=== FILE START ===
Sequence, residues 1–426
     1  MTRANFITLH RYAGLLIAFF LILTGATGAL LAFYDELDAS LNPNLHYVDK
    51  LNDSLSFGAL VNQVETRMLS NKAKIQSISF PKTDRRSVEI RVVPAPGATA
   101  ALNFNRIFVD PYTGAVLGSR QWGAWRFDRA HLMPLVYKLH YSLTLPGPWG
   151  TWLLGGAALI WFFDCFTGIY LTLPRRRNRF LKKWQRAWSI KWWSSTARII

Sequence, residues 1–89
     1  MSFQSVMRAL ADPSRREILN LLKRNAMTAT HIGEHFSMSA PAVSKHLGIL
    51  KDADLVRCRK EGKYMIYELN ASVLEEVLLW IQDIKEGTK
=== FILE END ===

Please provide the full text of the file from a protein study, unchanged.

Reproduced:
Sequence, residues 1–426
     1  MTRANFITLH RYAGLLIAFF LILTGATGAL LAFYDELDAS LNPNLHYVDK
    51  LNDSLSFGAL VNQVETRMLS NKAKIQSISF PKTDRRSVEI RVVPAPGATA
   101  ALNFNRIFVD PYTGAVLGSR QWGAWRFDRA HLMPLVYKLH YSLTLPGPWG
   151  TWLLGGAALI WFFDCFTGIY LTLPRRRNRF LKKWQRAWSI KWWSSTARII

Sequence, residues 1–89
     1  MSFQSVMRAL ADPSRREILN LLKRNAMTAT HIGEHFSMSA PAVSKHLGIL
    51  KDADLVRCRK EGKYMIYELN ASVLEEVLLW IQDIKEGTK